Why We're Holding an Ebola Nurse Hostage

Lack of faith in leadership class leads to extreme, outrageous outcomes.

National Journal

The governors don't trust the scientists who oppose a mandatory quarantine for health care professionals exposed to Ebola.

The White House doesn't trust the governors. The governors don't trust the White House. Doctors don't trust nurses. Nurses don't trust hospital administrators. Hospital administrators don't trust federal officials, and the Feds don't trust them. Nobody trusts the media. The public trusts nothing.

This rampant lack of faith in each other and in our institutions is how we got to a place where the state of New Jersey is holding a courageous 33-year-old nurse hostage. After treating Ebola patients in West Africa and twice testing negative for the virus, Kaci Hickox was ordered quarantined in a cold, spartan tent outside Newark's University Hospital.

"We can have a conversation about what further measures would look like, but this is an extreme that is not acceptable," Hickox told CNN. She's right. While the Obama administration hasn't done enough to contain Ebola and reassure anxious Americans, Gov. Chris Christie has gone too far.

NBC News' extraordinary health care reporter, Maggie Fox, says, "The people most at risk of Ebola are caregivers and health care workers, who are physically touching Ebola patients at their sickest. In 40 years of studying Ebola outbreaks, no one has seen a mystery case. People are infected by direct contact with others—not casual contact on buses, trains, or in the street."

I worked with Maggie before she joined MSNBC. She's a friend. I know her to be a knowledgeable and objective health care journalist, a person whose opinion I trust when she declares there's no danger of an Ebola outbreak.

But, see, there's the problem: Most people don't have a Maggie Fox in their lives, a trusted expert. Not that long ago, the leaders of American social and political institutions were the honest brokers, but no more.

The governors of New Jersey, New York, Illinois, and Florida backed mandatory quarantines last week, offering few details. New York Gov. Andrew Cuomo backtracked Sunday. Christie bowed Monday, announcing that Hickox will be transported to Maine. I can think of a number of reasons governors might be so cavalier with civil liberties, starting with ignorance, fear, and presidential politics. But there's more to it than cynicism.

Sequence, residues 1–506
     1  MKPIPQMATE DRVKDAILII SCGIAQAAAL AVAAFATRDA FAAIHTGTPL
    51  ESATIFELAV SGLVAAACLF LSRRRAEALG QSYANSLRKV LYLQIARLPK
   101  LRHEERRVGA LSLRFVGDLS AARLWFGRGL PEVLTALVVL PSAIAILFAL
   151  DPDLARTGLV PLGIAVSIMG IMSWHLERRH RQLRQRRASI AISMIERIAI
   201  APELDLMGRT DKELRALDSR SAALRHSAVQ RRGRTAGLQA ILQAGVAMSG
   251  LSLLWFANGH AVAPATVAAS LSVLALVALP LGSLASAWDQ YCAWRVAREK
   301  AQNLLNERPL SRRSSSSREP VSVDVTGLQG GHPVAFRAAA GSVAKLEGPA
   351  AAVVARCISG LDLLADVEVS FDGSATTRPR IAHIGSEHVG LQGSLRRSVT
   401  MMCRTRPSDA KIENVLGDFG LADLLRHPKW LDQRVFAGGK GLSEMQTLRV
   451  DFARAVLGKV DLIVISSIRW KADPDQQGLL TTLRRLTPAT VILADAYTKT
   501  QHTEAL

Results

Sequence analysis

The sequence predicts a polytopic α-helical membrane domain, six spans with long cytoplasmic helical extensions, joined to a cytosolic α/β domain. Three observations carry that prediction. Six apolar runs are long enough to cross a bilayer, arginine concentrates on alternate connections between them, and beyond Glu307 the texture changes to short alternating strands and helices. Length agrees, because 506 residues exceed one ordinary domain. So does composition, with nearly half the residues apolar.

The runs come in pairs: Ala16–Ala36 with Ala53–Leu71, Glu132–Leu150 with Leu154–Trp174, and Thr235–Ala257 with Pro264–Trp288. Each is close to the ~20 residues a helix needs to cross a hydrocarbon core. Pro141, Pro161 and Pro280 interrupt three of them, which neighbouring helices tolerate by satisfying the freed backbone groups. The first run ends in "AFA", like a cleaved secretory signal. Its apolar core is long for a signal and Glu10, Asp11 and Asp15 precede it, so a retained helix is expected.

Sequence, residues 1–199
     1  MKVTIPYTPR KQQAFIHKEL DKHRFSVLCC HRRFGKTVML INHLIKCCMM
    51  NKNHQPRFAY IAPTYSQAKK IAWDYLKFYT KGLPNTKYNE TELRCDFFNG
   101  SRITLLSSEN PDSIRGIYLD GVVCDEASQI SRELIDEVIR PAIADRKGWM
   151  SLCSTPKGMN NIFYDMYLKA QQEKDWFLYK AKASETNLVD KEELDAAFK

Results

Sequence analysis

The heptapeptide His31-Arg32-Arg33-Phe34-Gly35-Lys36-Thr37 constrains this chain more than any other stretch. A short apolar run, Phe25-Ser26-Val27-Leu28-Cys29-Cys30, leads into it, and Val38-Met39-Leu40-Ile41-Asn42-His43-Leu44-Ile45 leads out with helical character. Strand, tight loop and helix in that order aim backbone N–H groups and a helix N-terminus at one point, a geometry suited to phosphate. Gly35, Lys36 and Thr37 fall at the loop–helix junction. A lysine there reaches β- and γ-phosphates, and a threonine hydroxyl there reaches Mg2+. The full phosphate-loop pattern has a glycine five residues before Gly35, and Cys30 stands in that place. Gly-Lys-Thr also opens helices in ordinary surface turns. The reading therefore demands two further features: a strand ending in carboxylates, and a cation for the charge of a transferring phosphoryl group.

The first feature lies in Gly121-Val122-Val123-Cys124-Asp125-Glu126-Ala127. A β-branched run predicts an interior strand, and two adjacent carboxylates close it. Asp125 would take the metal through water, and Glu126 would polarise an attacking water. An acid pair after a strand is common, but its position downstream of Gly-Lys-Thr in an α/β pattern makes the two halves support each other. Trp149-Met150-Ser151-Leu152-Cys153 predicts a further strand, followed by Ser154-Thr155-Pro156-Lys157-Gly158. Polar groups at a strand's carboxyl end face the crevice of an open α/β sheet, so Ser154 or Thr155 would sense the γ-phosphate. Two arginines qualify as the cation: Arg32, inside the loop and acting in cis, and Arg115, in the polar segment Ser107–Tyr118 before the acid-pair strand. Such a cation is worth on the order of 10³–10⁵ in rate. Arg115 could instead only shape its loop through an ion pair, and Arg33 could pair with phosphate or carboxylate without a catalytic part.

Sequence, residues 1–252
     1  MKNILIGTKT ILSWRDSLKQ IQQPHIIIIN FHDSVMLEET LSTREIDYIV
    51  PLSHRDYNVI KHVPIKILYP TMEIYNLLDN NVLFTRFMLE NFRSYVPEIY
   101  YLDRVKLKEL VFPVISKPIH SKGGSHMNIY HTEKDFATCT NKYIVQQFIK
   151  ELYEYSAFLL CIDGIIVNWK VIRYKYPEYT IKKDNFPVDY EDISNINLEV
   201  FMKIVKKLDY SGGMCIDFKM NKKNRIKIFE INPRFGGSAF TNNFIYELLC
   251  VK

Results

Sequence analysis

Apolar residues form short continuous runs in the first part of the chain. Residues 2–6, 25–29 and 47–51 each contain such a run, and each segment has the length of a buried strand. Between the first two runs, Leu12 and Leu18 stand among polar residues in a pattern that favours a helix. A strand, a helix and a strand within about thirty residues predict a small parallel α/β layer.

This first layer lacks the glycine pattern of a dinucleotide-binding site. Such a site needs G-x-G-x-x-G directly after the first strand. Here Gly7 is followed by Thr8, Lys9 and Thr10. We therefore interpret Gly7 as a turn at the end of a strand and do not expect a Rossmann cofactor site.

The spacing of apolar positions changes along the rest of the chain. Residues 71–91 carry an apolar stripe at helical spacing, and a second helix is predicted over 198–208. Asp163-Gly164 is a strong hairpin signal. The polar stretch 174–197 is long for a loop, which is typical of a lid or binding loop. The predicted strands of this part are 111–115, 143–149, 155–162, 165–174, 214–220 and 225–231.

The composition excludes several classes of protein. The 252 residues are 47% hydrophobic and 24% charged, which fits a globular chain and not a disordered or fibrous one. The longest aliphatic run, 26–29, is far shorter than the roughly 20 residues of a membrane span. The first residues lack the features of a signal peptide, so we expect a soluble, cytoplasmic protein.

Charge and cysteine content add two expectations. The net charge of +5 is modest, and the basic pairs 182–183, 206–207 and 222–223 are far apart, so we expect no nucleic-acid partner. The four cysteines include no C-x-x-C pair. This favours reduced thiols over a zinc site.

There's a lack of faith in the Centers of Disease Control and Prevention and other health care institutions that overstated the certitude of the science behind Ebola, the preparedness of the U.S. health care system, and the efficiency of their own protocols.

Whom do you trust?

The consensus of the scientific community is that mandatory quarantines will discourage health care workers from fighting the roots of the disease in West Africa, a long-term threat to the United States.

But at least one health care professional, Dr. Nancy Snyderman, an NBC correspondent who had traveled to Liberia and whose cameraman had contracted Ebola, violated a voluntary-based protocol by picking up food at a restaurant near her home. When a doctor, Craig Spencer, tested positive in New York City on Thursday, forensic scientists had to retrace his every step.

Do you trust doctors and nurses to monitor themselves?

Insisting upon anonymity, White House officials told reporters they had pressured Cuomo and Christie to reconsider mandatory confinement. Christie said he had "gotten absolutely no contact" from the White House. Cuomo said he has not been pressured.

Do you trust any of these politicians?

When the initial case of Ebola rattled a Dallas hospital, doctors and administrators blamed nurses for overlooking the patient's trip to Liberia. Turns out, doctors overlooked nurses' warnings. When a nurse who treated the first patent became infected, officials accused her of violating their protocols. Turns out, the protocols weren't in place.

Whom do you trust in the medical profession?

In the media, cultural and business pressures have created newsrooms with far fewer people like Maggie, experienced and impartial reporters who dig for the truth. Facts matter less than years ago, a problem often hidden by the rise of writing that emphasizes "point of view" and "voice."

On Ebola, conservative media organizations tend to exaggerate the threat of virus, and they stretch to link Democrats to it. Liberal news organizations tend to minimize the threat, deploying condescension and mockery where a dose of empathy might be more persuasive.

Do you trust the media?

Countless polls suggest that the public has lost faith in all institutions, particularly the media and politics, which is how a health care heroine such as Hickox finds herself confined to a tent, when a parade is in order. When we don't know whom to trust, when there's no sane center of American discourse, extreme and outrageous things occur.

"I think this is a policy that will become a national policy sooner rather than later," Christie said of the mandatory quarantine. Unfortunately, given the lack of honest leadership around us, I trust he's right.

CORRECTION: A previous version of this story misidentified Maggie Fox's employer.